A person oblivious to the world of business would stare at the CNN Money sector of news and would feel almost unaffected by the world’s financial movements. But you sit a businessman in front that television screen, he will watch and listen carefully to every word seeking for opportunities and to be informed on how his investments are doing.
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And the importance of finding these chances and allocating one’s money correctly could not be stressed any more in Jeremy J. Siegel’s novel Stocks For the Long Run. Siegel who marks his grounds within the lecture halls of the Wharton School of the University of Pennsylvania, wrote this book solely for one reason and one reason only – to guide eager investors that stocks specifically will outshine other types of investments in the long run. From the works of Siegel’s previous works such as The Future for Investors we can assume that his keen subject is based on investments.
But in Stocks for the Long Run he did not confine to successful investing and broadened towards subjects that pertained to historical events. Immediately from the first part titled “The Verdict of History,” Siegel’s publication illustrated the historical shifts that the financial markets have gone through. Beginning with the early 19th century to 1926 the author reminds us about the booming era that transformed America “from an agrarian to an industrialized economy” (4). But such dramatic proliferation invites an unstable economy that will plummet one day.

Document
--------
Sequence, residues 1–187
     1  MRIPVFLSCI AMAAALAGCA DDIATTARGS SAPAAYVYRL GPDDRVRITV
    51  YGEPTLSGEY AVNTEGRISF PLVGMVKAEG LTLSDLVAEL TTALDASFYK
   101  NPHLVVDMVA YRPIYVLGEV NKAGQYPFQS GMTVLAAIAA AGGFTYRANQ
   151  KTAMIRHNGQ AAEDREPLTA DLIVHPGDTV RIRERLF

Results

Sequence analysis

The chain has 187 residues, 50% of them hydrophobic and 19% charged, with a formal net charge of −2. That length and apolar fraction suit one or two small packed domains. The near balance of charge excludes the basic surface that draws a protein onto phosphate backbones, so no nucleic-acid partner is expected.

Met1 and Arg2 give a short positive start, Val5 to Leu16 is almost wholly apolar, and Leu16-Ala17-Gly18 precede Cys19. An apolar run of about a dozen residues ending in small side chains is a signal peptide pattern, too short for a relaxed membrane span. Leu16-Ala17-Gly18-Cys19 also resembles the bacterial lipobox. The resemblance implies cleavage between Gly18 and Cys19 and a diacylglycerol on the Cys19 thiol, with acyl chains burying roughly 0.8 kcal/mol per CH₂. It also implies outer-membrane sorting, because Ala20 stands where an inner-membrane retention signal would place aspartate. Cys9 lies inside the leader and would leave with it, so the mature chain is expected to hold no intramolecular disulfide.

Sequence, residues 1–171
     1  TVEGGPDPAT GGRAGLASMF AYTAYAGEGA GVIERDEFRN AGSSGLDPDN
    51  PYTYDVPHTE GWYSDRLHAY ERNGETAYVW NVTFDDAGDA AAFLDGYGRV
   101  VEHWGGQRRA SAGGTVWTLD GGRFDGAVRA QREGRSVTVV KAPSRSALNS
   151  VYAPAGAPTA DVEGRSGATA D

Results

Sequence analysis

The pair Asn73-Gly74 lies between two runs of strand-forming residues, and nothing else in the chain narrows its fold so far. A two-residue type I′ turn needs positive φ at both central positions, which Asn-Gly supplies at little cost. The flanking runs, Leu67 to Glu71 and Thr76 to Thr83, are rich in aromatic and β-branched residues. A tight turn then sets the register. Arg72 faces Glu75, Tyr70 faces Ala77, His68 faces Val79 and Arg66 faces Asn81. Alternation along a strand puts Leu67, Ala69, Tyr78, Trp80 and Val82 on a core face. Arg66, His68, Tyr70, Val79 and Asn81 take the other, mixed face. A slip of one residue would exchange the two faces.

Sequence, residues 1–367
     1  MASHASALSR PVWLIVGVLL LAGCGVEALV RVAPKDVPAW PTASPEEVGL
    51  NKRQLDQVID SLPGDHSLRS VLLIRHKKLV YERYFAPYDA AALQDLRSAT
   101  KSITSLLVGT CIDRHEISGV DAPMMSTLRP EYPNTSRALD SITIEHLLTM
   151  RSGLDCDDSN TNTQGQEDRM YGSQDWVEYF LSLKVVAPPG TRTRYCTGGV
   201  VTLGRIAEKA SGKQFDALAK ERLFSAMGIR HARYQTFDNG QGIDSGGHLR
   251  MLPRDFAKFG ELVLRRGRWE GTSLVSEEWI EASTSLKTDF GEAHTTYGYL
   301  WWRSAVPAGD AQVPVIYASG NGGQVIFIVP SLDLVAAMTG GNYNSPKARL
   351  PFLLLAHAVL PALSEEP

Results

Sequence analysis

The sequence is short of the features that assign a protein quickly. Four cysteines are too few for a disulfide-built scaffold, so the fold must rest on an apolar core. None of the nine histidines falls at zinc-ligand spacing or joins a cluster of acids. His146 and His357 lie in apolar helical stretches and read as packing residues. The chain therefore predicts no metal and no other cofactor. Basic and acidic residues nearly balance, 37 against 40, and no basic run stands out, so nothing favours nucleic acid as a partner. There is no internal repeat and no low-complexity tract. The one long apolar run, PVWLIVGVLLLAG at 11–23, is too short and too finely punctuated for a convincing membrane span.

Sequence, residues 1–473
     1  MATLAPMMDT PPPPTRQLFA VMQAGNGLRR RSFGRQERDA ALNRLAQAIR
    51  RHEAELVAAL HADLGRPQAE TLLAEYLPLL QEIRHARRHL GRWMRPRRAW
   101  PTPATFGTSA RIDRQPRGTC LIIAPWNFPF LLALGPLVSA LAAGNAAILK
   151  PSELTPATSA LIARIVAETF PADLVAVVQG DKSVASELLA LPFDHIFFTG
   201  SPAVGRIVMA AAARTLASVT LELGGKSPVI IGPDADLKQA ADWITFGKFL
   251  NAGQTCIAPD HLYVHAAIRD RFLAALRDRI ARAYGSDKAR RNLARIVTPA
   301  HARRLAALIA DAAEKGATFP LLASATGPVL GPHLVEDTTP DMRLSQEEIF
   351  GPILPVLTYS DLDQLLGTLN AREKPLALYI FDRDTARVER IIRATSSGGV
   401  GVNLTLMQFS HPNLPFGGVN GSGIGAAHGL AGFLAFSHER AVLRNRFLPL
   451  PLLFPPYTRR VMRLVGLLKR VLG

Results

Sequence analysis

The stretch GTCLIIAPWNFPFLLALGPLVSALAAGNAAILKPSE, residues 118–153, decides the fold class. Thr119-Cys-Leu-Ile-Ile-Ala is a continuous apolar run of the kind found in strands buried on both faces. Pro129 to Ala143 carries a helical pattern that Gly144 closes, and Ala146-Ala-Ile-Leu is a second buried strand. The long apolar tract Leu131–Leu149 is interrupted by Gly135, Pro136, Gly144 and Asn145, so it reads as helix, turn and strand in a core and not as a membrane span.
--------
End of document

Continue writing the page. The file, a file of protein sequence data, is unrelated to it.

But until then, investors can enjoy the high returns that can literally turn rags into riches. How is this possible? Siegel believes that despite tribulations of the market, a stock in the long run – no matter what – will regain composure and possibly excel. The University of Pennsylvania (UPenn) finance professor exemplifies such recovery and expansion in the post-World War II markets of Japan and Germany. Both countries which endured a drop of at least 90 percent in equity value soared to levels that caught up and exceeded the US markets.
During these flourishing stages those who committed on holding onto German and Japanese have enjoyed growth rates of at least 30 percent a year. Just because Germany and Japan have manifested legendary growth does the author imply that an investor should invest in stocks outside of the United States of America? The answer to that question would be yes and no. Of course globalization has proven benefits the main being diversification of one’s portfolio. With the emerging markets of certain Asian countries, foreign investments offer higher returns with lower risk.
Indeed such scheme sounds too good to be true; a twist is prevalent when it comes to going international. Too much of foreign equity boasts a high return rate at a dangerously high risk. While a strictly US portfolio results into a medium risk at low return. But once an investor diffuses these two together, he can live happily off a rate of return that can be given at low risk. Depending on whether one’s acceptance of risk, they can select themselves an efficient portfolio suited for them in figure 9-3 (134).
Surely enough, Siegel has shown devotion towards well-paying investments, especially ones in the long-run but can he guarantee that these methods of investing are going to be successful? Unless one possesses a crystal ball of some sort, it is impossible for anybody to predict the future. Even the man who appears on the world’s largest denomination bill, Benjamin Franklin states that, “Nothing in this world is certain but death and taxes,” – a quote with a rather eerie that speaks the truth. Of course, the 6th president of the United States is indeed correct that nothing is for sure, which brings oppositions of Siegel’s insights.